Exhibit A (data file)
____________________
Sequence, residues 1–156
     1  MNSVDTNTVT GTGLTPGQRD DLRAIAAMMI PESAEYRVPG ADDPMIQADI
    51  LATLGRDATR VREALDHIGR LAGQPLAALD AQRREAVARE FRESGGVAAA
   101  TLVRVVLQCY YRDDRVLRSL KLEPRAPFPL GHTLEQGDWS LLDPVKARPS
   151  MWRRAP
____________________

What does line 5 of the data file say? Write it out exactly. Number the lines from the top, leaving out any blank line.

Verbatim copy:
   151  MWRRAP